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Attacks/Breaches

Target Ignored Data Breach Alarms

Target's security team reviewed -- and ignored -- urgent warnings from threat-detection tool about unknown malware spotted on the network.

to delete the malware automatically, although that option was reportedly deactivated. Then again, Edward Kiledjian, chief information security officer (CISO) for aircraft maker Bombardier Aerospace, which is a FireEye customer, told Bloomberg Businessweek that Target's hands-on approach wouldn't have been unusual. "Typically, as a security team, you want to have that last decision point of 'what do I do?'" he said. Of course, not using automation puts a greater onus on security teams to react not just quickly, but correctly.

What might have caused Target's security team to ignore the alert? "In two words: 'actionable intelligence,'" said Seculert's Raff via email. "With today's amount of detection data, just signaling an alarm isn't enough. The operator/analyst should be able to understand the risk as well as the recommendation of each incident, in order to be able to prioritize."

In response to the Bloomberg Businessweek report, FireEye published a blog post saying that it's company policy "to not publically identify our customers and, as such, we cannot validate or comment on the report's claims that Target, the CIA, or any other companies are customers of FireEye." The company also dismissed Bloomberg Businessweek's assertion that FireEye "was initially funded by the CIA." The publication was likely referring to the 2009 investment in FireEye by In-Q-Tel (IQT), which is an independent, not-for-profit investment firm that was launched by the CIA in 1999. FireEye said In-Q-Tel now owns less than 1% of the firm and "has no influence on our roadmap, operations, financials, governance, or any other aspect of our business."

The malware attack against Target came after attackers first breached the retailer's network using credentials stolen from a third-party contractor. According to security reporter Brian Krebs, the contractor was heating, ventilation, and air-conditioning firm Fazio Mechanical Services. Regardless, that attack vector suggests that Target failed to segment its networks properly so that remote third-party access by a contractor couldn't be parlayed into access to the retailer's payment systems.

Target's CIO, Beth Jacobs, resigned March 5, the same day that Target promised to make a number of technology, information security, and compliance changes, including hiring its first-ever CISO. Meanwhile, the retailer said that its breach investigation continues. "Our investigation is ongoing and we are committed to making further investments in our people, processes, and technology with the goal of reinforcing security for our guests," said Target's Snyder.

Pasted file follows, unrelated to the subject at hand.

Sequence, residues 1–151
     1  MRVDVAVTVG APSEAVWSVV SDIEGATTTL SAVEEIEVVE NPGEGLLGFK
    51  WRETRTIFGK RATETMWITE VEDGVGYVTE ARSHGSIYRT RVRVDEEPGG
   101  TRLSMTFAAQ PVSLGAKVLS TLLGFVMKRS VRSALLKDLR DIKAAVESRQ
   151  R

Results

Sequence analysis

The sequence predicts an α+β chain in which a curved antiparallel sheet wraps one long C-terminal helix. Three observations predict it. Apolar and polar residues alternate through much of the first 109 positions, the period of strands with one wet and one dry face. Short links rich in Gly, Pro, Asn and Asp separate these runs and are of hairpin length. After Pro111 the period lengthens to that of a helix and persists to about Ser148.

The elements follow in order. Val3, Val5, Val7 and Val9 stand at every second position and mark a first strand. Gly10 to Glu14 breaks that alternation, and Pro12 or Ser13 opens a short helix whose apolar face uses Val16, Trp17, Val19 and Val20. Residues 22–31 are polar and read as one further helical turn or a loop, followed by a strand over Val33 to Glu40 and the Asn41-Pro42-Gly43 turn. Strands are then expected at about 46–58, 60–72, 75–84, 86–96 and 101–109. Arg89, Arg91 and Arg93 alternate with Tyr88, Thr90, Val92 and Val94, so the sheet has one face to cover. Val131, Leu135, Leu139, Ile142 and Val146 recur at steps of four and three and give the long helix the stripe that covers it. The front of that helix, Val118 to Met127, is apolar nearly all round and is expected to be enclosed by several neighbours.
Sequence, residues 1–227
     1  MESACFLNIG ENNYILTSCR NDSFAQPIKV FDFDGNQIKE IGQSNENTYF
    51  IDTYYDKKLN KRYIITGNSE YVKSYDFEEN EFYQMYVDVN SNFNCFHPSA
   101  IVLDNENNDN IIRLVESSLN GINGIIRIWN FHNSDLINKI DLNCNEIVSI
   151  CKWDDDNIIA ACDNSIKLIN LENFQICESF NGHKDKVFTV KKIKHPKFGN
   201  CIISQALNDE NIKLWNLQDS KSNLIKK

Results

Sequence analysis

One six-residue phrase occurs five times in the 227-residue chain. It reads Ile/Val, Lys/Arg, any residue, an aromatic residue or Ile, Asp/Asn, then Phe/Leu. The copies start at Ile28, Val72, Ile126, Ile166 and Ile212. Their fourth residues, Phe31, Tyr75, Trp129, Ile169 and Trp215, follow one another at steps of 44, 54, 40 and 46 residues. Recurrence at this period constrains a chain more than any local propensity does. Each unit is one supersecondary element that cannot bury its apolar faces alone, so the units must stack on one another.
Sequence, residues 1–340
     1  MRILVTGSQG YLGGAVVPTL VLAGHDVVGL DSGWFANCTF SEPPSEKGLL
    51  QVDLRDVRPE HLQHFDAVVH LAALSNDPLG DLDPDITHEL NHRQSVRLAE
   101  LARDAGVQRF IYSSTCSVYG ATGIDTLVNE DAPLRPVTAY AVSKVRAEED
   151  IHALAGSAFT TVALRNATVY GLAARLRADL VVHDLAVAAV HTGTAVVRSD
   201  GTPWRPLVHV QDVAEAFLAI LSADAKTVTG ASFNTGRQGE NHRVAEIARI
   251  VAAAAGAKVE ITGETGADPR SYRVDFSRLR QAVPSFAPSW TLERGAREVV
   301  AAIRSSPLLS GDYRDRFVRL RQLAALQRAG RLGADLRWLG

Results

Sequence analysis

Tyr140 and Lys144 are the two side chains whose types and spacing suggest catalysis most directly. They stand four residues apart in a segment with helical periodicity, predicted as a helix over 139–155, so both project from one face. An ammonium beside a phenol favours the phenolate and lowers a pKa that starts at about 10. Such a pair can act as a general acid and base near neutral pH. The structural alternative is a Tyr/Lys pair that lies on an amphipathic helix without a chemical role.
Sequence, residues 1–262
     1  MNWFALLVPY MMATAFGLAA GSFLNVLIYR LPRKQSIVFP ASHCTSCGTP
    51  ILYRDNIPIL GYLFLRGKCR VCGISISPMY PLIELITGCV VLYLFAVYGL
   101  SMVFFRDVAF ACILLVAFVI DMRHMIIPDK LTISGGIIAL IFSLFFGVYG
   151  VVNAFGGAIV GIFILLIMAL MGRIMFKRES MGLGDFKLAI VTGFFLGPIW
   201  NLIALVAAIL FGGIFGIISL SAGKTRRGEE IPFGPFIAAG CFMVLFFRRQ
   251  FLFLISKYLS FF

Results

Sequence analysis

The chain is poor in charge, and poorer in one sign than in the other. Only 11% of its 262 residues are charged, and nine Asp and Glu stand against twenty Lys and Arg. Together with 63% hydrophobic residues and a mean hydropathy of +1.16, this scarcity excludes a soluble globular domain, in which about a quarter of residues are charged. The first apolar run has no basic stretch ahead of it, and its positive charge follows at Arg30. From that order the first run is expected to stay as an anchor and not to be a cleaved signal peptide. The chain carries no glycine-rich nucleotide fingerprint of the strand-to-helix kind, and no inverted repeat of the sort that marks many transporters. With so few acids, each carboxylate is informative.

Next-gen intrusion-prevention systems have fuller visibility into applications and data. But do newer firewalls make IPS redundant? Also in the The IPS Makeover issue of Dark Reading Tech Digest: Find out what our 2013 Strategic Security Survey respondents have to say about IPS and firewalls. (Free registration required.)

Mathew Schwartz served as the InformationWeek information security reporter from 2010 until mid-2014. View Full Bio

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BGREENE292
100%
0%
BGREENE292,
User Rank: Apprentice
3/15/2014 | 5:53:42 PM
Re: These stories all present misleading or incomplete data with sensational titles
.
hhendrickson274 said, "... these stories all present misleading or incomplete data with sensational titles..."
 
 
NOT HARDLY
 
Enough information is already present for an informed judgment about the Target IT team response. To plead unlikely extenuating circumstances such as (1) the team was overwhelmed by the volume of alerts, and was unable to distinguish signal from noise, or (2) the team might have seen similar alarts, which were investigated (despite the overwhelming volume of alerts) and dismissed as probable false positives, or (3) any Russian IP address is not necessarily cause for suspicion, since "(we do not know why) they would feel outbound connections from their POS to a Russian based IP wouldn't be suspicious" is worthy of a press release from Target public relations.

The FireEye system did its job well enough, elevating the alerts to the attention of Target IT, which eliminates the "sheer overload" excuse. Likewise, if the administrator had turned off automated response, it was critical to forge a field-tested policy for dealing with such detections manually, and then follow it to the letter. As for a number of Russian IPs, that in itself carries enough negative freight to merit special consideration-- aside from the principle that any "strange" address merits investigation.

Target did none of these things. What Target did is typical of the "90-day Wonder" policy of generating new managers ex nihilo, an IT person placed in the job for reasons that have little to do with experience or competence. As the survival tactic of one lacking experience, that manager essentially bought a well-respected brand, and then tried to hide behind it-- blaming FireEye for what was a Target responsibility.

Any Target promotion of a favored, specific person over those with more skill and'or experience is also excruciating commentary on the politics of Target management, since it focuses on factors which have little or nothing to do with professionalism. Such "fast track" promotions insidiously kill incentive among staff to demonstrate responsibility and competence. Fast track staffing is also disingenuous to the extreme, a breach of trust between executive management and staff-- especially those who were told promotion is based on demonstrated effort, competence and experience.